This week a friend passed away. He had been battling ALS for four years. Warren was a good man, ambitious worker, incredibly talented musician, and a Christian. For that I am eternally grateful to God for reaching him with His love in Christ. His death on this Thanksgiving week seemed the wrong time, but we know God's timing is perfect. Even during the most festive time of year it is good to face mortality. By facing our mortality we can put into perspective what is really important in this life and the life to come. So here is a simple thought to consider.
To man, it is the greatest of sadness, death, that attempts to link us to the afterlife. With God, it was the greatest of joys, Life, the birth of Christ, and His resurrection, that would actually link us to Heaven.
As I was reading Romans 4 this morning, I considered the apostle Paul’s multiple reinforcements of Abraham’s faith. He believed that God would give him a son in his old age (almost 100). If we are to interpret the Old Testament through the lens of the New Testament then Abraham’s laugh at the God's promise (Genesis 17:17) was a laugh of astonishment and not faithlessness.
Sarah, Abraham’s wife, wasn’t as believing as her husband. She too, laughed, but laughed in unbelief. After all, she couldn't have children, but, she had an idea. Like many wives Sarah may have seen the excitement in her husband’s face over this promise God made to him. The old man was changed and she could see it. Perhaps in her unbelief she didn’t want to see her husband disappointed, so she offered him Hagar, her handmaid, in hope that she would give him a son. Here’s the question.
If Abraham was as unwaveringly faithful as Paul said, then why did he take Hagar, his wife’s handmaid, to wife (engage in sex)?
Here is my answer. Abraham was every bit a man. He had the same fleshly desires and weaknesses as any man today. Here is a man that had his wife's permission to have sex with another woman, and he took the offer. Abraham engaged in an adulterous relationship with Hagar because he wanted to, not because he needed a son.
This should serve as a lesson and warning to every man. The Scriptures ask the question, “Can a man take fire in his bosom, and his clothes not be burned?” Proverbs 6:27. The answer is a resounding, NO! If we allow ourselves to be put in a place where our flesh will speak without our brain, we will most assuredly fall.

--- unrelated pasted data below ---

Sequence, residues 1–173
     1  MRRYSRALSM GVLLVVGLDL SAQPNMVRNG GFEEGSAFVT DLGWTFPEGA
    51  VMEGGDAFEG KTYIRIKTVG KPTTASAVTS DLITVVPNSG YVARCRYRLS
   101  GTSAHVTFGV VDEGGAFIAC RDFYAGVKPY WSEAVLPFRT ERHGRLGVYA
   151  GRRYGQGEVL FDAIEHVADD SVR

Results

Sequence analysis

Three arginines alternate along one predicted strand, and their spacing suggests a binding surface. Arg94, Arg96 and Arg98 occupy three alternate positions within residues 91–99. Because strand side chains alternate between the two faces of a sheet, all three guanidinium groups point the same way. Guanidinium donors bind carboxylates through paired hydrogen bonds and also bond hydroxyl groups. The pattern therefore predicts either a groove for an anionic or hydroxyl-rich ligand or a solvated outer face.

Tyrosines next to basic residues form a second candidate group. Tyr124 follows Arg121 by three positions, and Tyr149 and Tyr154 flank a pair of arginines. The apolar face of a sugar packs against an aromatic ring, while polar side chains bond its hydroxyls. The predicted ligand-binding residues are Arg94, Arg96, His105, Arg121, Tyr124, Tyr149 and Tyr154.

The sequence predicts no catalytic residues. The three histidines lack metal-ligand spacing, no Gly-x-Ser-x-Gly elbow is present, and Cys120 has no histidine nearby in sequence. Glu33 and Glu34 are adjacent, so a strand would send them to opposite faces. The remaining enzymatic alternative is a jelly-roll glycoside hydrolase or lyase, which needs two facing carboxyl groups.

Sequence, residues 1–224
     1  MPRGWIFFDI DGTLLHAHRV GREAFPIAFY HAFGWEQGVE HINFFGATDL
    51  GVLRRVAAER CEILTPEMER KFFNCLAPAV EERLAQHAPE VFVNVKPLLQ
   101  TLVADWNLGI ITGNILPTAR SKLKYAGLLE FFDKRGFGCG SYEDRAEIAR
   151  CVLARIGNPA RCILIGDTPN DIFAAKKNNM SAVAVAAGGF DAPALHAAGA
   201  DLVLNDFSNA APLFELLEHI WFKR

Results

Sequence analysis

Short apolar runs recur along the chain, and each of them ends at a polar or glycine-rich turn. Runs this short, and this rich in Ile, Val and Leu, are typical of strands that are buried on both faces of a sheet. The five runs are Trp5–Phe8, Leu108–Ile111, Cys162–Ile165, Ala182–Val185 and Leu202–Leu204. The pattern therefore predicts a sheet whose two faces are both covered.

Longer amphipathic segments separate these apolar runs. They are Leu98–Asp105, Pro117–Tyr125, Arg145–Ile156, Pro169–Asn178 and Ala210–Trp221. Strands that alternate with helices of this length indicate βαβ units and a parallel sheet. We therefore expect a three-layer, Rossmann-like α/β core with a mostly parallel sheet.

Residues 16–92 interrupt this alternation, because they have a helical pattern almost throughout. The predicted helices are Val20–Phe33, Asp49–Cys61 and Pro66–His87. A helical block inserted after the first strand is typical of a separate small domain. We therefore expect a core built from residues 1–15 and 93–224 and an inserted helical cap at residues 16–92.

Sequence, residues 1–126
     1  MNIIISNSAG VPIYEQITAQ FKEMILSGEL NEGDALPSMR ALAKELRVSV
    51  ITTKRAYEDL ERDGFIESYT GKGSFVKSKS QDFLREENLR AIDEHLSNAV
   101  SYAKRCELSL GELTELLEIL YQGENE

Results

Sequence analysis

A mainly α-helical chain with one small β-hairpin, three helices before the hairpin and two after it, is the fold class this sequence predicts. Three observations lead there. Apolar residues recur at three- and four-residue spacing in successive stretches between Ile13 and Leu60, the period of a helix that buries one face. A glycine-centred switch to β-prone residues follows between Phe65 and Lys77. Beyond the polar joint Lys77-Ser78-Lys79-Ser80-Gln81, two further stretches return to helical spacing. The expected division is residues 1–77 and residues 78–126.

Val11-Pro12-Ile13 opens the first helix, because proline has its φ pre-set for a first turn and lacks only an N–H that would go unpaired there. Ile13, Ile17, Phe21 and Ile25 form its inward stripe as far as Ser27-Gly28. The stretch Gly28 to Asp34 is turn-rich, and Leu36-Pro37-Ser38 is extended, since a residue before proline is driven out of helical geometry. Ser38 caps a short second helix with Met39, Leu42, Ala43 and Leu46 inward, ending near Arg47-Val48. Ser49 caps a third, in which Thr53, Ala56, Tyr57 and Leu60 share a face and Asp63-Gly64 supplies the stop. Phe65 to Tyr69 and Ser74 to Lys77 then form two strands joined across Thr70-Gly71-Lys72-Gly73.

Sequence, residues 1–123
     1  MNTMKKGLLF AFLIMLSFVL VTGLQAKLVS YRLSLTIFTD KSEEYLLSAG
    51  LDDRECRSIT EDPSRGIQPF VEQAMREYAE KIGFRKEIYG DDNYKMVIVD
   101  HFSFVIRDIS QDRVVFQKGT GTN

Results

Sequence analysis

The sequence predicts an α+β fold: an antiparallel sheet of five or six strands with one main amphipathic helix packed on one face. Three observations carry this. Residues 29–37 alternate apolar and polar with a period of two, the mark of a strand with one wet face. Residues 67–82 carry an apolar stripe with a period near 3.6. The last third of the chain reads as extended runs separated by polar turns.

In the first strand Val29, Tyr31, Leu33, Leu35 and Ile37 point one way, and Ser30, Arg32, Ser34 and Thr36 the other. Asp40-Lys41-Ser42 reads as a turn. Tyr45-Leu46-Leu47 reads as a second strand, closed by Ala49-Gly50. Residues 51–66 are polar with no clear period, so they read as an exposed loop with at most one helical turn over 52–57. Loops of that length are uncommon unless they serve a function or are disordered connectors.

Consider this, the patriarch, Joseph did not run (Genesis 39:11, 12) from the sexual advancements of Potiphar's wife because he was strong, but rather because Joseph knew how weak he was to such advancements. May we as men also consider our weaknesses and avoid a life heartache.
Let's consider this also. Many great men in the Bible fell to the weakness of a woman. David, a “man after God's heart.” was one of those men. His son, Solomon was yet another, but was still considered the wisest of the wise. Do an internet search and you'll find many more. Many of these men learned valuable lessons as a result of their sin and found grace in God's eyes. The ideal situation is to avoid a sinful act, but God is still merciful, forgiving, loving, gracious, kind, and caring if we fall. We may feel the emotional pain of sin, but God doesn't change. His grace is greater than all our sin.
Marvelous grace of our loving Lord,
Grace that exceeds our sin and our guilt!
Yonder on Calvary’s mount outpoured,
There where the blood of the Lamb was spilled.
Sin and despair, like the sea waves cold,
Threaten the soul with infinite loss;
Grace that is greater, yes, grace untold,
Points to the refuge, the mighty cross.
Dark is the stain that we cannot hide.
What can avail to wash it away?
Look! There is flowing a crimson tide,
Brighter than snow you may be today.
Marvelous, infinite, matchless grace,
Freely bestowed on all who believe!
You that are longing to see His face,
Will you this moment His grace receive?
Grace, grace, God’s grace,
Grace that will pardon and cleanse within;